Deposition of Size-Selected Cu Nanoparticles by Inert Gas Condensation
© to the authors 2009
Received: 17 June 2009
Accepted: 4 October 2009
Published: 6 November 2009
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© to the authors 2009
Received: 17 June 2009
Accepted: 4 October 2009
Published: 6 November 2009
Nanometer size-selected Cu clusters in the size range of 1–5 nm have been produced by a plasma-gas-condensation-type cluster deposition apparatus, which combines a grow-discharge sputtering with an inert gas condensation technique. With this method, by controlling the experimental conditions, it was possible to produce nanoparticles with a strict control in size. The structure and size of Cu nanoparticles were determined by mass spectroscopy and confirmed by atomic force microscopy (AFM) and scanning electron transmission microscopy (STEM) measurements. In order to preserve the structural and morphological properties, the energy of cluster impact was controlled; the energy of acceleration of the nanoparticles was in near values at 0.1 ev/atom for being in soft landing regime. From SEM measurements developed in STEM-HAADF mode, we found that nanoparticles are near sized to those values fixed experimentally also confirmed by AFM observations. The results are relevant, since it demonstrates that proper optimization of operation conditions can lead to desired cluster sizes as well as desired cluster size distributions. It was also demonstrated the efficiency of the method to obtain size-selected Cu clusters films, as a random stacking of nanometer-size crystallites assembly. The deposition of size-selected metal clusters represents a novel method of preparing Cu nanostructures, with high potential in optical and catalytic applications.
Owing to their unique catalytic, electronic, magnetic, and optical properties, different from their bulk species, nanoparticles continue to attract the attention of researchers . Metal nanoparticles (NP’s) have been synthetically produced by different techniques for many years [2–8]. The approach described in this paper is an inert gas condensation (IGC) technique used before for synthesis of metal NP’s [9–12]. The optical, electronic, and thermal properties of metal NP’s endow them with potential application in electrical and third-order nonlinear optical devices [13–18], solid dielectric materials , nano-biomaterials , and high thermal conductivity nanofluids . Recently, attention has been focused on Cu nanoparticles due to their optical and catalytic properties [22–25]. Particularly, the optical and catalytic behavior in Cu nanoparticles is not well understood. It is believed that absorption of light by metal nanoparticles is dominated by the surface plasmon (SP) resonance changing both the static and dynamic optical properties. These and other properties depend on their size, size distribution, shape, and structure in addition to the interaction between the surfaces of the nanoparticle. Control of these features is not trivial as Cu nanoparticles formation is extremely sensitive to reaction conditions [26, 27]. Although a variety of techniques for the production of Cu nanoparticles have been developed, the main problem is still the control of size that let us to explain the size effects on its properties. In the present work, we describe the synthesis of Cu nanoparticles using a grow-discharge sputtering with an inert gas condensation (IGC) technique. The resulting nanoparticles were analyzed by mass spectroscopy, scanning transmission electron microscopy, and atomic force microscopy. We present the results of the different experimental analysis of the Cu NP’s and these results are discussed and contrasted for different experimental conditions.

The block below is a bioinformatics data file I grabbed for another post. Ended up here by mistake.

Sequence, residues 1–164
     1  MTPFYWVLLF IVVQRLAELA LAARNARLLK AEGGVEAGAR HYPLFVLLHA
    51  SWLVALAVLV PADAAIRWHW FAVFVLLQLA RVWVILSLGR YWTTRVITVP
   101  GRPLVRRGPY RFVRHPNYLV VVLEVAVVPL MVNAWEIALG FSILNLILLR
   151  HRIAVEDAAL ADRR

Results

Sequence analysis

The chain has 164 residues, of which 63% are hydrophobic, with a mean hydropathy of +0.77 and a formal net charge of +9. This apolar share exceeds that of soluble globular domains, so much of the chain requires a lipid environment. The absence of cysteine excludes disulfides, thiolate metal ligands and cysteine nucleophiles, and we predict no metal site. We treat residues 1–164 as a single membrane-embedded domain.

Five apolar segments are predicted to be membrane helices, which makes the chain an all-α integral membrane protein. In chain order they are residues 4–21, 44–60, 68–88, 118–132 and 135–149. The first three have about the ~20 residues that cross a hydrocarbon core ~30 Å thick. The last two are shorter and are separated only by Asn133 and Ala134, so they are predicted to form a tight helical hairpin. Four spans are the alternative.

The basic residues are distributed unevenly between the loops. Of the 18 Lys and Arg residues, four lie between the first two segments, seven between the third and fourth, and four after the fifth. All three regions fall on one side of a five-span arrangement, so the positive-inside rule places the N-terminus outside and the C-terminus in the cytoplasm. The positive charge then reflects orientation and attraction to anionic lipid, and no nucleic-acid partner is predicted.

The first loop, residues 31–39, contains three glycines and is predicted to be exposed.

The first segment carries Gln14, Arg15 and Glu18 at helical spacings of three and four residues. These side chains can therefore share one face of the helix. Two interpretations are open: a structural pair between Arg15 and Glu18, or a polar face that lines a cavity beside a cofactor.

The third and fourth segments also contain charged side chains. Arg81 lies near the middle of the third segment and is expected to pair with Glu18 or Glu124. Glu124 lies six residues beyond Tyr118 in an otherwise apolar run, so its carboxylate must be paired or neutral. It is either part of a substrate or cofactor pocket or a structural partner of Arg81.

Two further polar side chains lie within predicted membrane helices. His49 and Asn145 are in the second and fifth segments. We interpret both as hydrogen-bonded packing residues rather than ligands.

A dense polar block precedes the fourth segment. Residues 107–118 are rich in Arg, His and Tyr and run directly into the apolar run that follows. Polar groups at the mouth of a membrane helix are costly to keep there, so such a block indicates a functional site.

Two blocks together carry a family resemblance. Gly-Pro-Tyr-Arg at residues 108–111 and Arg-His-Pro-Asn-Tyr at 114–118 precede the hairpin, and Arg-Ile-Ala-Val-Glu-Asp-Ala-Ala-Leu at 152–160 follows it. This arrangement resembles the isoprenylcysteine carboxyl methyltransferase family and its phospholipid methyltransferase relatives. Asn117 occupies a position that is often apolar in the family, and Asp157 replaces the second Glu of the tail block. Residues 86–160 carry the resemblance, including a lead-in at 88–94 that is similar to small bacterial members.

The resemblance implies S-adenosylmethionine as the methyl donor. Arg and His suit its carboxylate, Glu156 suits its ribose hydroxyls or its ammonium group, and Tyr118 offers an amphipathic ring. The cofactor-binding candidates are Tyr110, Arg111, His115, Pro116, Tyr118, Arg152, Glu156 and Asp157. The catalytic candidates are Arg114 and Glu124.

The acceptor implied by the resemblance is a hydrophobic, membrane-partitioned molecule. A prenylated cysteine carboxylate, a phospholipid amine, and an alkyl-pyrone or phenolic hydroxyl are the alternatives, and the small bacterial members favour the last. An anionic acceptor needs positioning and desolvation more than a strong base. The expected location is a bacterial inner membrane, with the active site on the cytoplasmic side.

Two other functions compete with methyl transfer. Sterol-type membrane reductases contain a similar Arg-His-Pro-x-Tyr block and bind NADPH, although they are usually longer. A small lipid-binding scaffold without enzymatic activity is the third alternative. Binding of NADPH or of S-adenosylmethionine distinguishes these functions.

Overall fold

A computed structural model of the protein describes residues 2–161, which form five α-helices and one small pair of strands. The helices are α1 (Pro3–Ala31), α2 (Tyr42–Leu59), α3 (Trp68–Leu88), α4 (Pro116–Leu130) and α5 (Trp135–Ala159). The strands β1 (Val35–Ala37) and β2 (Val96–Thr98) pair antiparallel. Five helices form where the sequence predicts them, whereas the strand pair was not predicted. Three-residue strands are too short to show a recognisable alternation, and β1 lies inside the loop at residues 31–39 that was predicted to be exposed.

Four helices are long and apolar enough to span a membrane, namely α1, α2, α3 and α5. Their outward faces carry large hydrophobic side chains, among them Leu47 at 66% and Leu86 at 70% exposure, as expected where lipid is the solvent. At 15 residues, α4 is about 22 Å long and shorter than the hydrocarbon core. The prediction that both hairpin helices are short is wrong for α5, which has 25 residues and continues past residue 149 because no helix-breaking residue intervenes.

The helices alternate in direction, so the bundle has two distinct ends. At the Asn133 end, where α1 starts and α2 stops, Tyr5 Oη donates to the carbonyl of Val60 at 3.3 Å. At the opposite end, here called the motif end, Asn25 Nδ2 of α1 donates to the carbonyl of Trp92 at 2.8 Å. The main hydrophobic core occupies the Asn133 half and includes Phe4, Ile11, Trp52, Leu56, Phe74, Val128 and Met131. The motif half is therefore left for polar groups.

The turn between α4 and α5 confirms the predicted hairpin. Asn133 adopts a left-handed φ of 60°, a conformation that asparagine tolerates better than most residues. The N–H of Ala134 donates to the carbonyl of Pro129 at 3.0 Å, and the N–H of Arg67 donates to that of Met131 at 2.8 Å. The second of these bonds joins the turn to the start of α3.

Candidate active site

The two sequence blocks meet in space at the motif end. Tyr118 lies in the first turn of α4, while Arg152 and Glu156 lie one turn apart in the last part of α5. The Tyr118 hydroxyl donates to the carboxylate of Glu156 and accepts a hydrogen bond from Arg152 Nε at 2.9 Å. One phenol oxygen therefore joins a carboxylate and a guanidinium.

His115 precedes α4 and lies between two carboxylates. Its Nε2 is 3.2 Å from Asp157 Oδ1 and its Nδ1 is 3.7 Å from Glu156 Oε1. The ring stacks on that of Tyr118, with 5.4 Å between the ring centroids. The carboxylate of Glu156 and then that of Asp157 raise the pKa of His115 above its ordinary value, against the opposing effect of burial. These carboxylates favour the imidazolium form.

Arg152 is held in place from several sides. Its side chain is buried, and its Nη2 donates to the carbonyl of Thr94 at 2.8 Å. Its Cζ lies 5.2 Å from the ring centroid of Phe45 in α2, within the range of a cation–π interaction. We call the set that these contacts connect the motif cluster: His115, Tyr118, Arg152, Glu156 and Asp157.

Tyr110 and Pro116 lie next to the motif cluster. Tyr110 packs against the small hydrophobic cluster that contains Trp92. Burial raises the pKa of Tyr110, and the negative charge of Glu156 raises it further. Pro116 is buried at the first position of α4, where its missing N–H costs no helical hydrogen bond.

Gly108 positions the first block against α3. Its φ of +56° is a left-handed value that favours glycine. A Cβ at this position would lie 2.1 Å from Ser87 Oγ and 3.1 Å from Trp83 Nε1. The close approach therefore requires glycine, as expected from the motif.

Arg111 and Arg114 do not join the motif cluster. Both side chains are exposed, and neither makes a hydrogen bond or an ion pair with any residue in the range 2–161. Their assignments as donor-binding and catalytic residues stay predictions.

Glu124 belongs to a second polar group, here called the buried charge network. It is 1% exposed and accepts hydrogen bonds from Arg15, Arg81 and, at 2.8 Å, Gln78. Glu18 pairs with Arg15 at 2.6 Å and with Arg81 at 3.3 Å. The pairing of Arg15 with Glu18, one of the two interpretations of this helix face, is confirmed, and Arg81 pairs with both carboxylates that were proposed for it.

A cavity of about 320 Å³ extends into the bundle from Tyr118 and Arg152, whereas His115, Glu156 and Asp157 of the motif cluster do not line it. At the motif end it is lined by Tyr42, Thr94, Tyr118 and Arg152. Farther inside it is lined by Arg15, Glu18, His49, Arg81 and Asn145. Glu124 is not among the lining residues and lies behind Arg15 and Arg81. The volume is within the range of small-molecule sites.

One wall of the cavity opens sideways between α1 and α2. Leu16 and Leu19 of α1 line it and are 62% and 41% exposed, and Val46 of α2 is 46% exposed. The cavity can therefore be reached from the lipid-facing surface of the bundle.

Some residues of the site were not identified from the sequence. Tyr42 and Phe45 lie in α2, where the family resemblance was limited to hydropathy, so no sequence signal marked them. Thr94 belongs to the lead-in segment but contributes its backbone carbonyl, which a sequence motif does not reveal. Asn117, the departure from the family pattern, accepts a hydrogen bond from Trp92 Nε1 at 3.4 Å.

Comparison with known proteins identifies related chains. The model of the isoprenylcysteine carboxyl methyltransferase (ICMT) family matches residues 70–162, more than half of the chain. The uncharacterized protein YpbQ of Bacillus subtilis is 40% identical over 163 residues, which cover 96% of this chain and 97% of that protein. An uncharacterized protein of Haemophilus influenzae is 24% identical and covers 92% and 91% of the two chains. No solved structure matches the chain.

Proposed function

The dc magnetron type discharge is used to generate clusters from the target, connected to the magnetron assembly. The magnetron-based source has an advantage over all other types of cluster sources in terms of the wide cluster size range, which varies from fraction of a nanometer to a few tens of nanometers.
DC plasma is ignited in a mixture of argon (Ar) and helium (He) gases and confined close to the Cu target by the magnetic field of the magnetron set-up. In the IGC process, a supersaturated vapor of Cu atoms is originated by sputtering a Cu target in an inert gas atmosphere of Ar and He. The Nanogen system was kept at low temperature by a coolant mixture, and before the nanoparticles deposition, the system pressure was set at 1 × 10−8 Torr. The cluster size can be adjusted by varying three main source parameters: the length over which the clusters aggregate (variable using a linear drive), the power to the magnetron, and the flow of the aggregation gases. In terms of the cluster size range, the magnetron-based source has the advantage over all other types of cluster source as it is the most flexible. For a large number of materials, the source is capable of producing clusters consisting of a few tens of atoms up to particles with diameters of around 20 nm. Due to the nature of the gas aggregation technique, narrow size distributions can be achieved.